When is a banana not a banana....

It might look like a banana but an Ensete, or an Enset, is the 'false banana' and this plant has recently featured on the BBC news and other news outlets.

The news story is that the enset might be a vital new food that will help feed millions across Africa.  The fruit of the Enset is not edible but stems and root can be fermented to make a sort of bread and/or porridge.  This matters as it could help provide food where climate change is creating uncertainty.  In Ethiopia this plant is already grown as a food crop but not generally elsewhere.  "The plant is almost unknown outside of Africa" the BBC tell us and at that I pause.  Is the Enset anything to do with the Ensete ventricosum 'Maurelli' that I and many other gardeners grow?  Beloved for its dark red foliage and for looking like a fancy banana.  

This reminded me about when learning about the Hokkaido Millennium Forest Project .  It is now four years (four years!) since I attended the Beth Chatto Symposium where Dan Pearson anMidori Shintani talked about the development of the forest.  One of the things they talked about was that when the forest areas were being planted up, many of the plants had to be protected from visitors eating them.  Many of the plants they were talking about are ones we grow as ornamentals and which I had no idea that they were edible.  Now I could write many volumes on all I do not know about plants being edible or not.  I am renowned for not eating raw vegetation (salad! raw fruit picked from a tree! yuk!) but I do eat vegetables if slightly cooked and apple crumble is good.  Boiled lettuce I draw the line at.  I know as I write this I am lucky, nay privileged to be able to be this picky.  The cucumber I discard from my bought sandwich is a waste, I know this.  In my hamster keeping days, many decades ago now, I used to take my discarded salad from garnishes and sandwiches home for the hamblers.  I suppose now I should do so for the compost heap.  It did mean I would find soggy serviettes with wilted salad in my pockets if  I forgot about it; which I did with regularity.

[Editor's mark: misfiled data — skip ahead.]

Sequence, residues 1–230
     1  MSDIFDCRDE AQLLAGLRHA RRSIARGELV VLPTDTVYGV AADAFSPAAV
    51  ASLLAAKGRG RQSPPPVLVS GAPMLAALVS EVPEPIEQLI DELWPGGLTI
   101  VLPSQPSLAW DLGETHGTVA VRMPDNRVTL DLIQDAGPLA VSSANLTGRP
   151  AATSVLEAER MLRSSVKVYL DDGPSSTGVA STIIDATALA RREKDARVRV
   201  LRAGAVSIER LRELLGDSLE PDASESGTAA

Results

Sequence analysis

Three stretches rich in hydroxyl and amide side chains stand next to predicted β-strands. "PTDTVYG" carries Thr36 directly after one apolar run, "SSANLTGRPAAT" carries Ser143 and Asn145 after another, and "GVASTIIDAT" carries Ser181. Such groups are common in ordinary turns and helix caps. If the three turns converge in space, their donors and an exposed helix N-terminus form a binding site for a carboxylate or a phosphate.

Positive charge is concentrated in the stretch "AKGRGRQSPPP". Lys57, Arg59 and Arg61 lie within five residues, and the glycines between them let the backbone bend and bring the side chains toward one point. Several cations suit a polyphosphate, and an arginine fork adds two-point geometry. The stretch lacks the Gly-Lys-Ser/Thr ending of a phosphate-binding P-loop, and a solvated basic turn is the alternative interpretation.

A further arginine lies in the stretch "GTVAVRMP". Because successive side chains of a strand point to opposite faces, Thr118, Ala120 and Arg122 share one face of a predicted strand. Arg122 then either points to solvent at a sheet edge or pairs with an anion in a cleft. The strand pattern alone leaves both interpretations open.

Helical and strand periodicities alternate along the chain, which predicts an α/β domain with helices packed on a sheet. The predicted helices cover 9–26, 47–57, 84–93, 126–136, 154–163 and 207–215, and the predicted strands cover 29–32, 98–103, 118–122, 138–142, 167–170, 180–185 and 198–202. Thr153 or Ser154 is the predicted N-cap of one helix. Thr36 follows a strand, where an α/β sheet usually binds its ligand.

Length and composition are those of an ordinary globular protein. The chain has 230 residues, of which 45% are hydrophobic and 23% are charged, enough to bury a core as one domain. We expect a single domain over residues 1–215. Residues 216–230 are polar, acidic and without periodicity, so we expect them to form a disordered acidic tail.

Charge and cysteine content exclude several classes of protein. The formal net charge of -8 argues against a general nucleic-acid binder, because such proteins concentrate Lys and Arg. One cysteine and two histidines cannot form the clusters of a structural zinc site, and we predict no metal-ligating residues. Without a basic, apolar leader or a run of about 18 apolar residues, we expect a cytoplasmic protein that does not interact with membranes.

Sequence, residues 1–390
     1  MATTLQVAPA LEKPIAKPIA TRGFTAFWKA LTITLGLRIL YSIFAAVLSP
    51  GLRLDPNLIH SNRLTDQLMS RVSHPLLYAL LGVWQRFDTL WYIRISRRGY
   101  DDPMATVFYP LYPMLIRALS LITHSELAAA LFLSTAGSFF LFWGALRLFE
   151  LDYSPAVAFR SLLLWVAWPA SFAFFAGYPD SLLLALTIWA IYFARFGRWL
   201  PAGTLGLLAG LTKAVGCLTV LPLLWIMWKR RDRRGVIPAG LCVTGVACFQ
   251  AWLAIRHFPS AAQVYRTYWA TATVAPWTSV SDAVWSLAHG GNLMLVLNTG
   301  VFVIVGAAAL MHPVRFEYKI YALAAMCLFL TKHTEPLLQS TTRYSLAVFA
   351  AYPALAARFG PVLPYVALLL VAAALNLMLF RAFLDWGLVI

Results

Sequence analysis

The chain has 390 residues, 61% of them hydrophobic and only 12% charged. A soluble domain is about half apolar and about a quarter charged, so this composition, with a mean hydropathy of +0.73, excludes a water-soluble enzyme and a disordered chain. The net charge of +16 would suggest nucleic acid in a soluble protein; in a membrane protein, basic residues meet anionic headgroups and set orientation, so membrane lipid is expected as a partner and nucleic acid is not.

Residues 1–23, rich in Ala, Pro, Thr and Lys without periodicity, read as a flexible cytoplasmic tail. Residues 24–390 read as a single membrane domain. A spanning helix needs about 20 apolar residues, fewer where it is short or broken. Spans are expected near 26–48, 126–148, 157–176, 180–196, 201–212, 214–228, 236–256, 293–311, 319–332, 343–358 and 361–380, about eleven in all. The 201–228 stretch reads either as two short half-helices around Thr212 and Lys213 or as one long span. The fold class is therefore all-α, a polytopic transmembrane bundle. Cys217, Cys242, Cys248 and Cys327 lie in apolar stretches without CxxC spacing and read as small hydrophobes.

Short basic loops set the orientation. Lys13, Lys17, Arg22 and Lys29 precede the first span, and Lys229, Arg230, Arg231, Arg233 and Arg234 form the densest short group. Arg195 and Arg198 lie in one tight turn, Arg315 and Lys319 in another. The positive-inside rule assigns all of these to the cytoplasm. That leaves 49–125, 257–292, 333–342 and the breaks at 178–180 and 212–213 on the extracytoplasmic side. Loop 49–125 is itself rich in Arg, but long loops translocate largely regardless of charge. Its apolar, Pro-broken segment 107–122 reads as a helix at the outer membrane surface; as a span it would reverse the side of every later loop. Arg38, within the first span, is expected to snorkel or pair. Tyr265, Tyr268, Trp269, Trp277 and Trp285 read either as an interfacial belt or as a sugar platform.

I read the BBC article again and I look to my Ensete overwintering in the conservatory.  Am I suggesting that I boil up the stems and ferment them for six months to make porridge?  No but I am looking at it and thinking about buying a food stuff for decoration and whether my buying this could lead to someone else not having enough food.  It might not be that direct a correlation and yet it gives me concern.  It gives me concerns about food waste in general and about the lack of availability of food across the world and of course in this country as well.  I think about food banks, about community planting projects and all the ways that some people do what they can and yet so many go without.

and let's face it, I am having these thoughts knowing that I grow ginger plants for decoration, why have they not troubled me in the same way?   I know I am not a saint, I also know I need to think about these things more.   

So I need to be more aware.  I am not saying I will always make the 'right' choice, but I will try to make informed choices.  At least then if I know it is not the best choice I can decide if I can justify it before committing.  This will be work in progress.

Stay safe and be kind.

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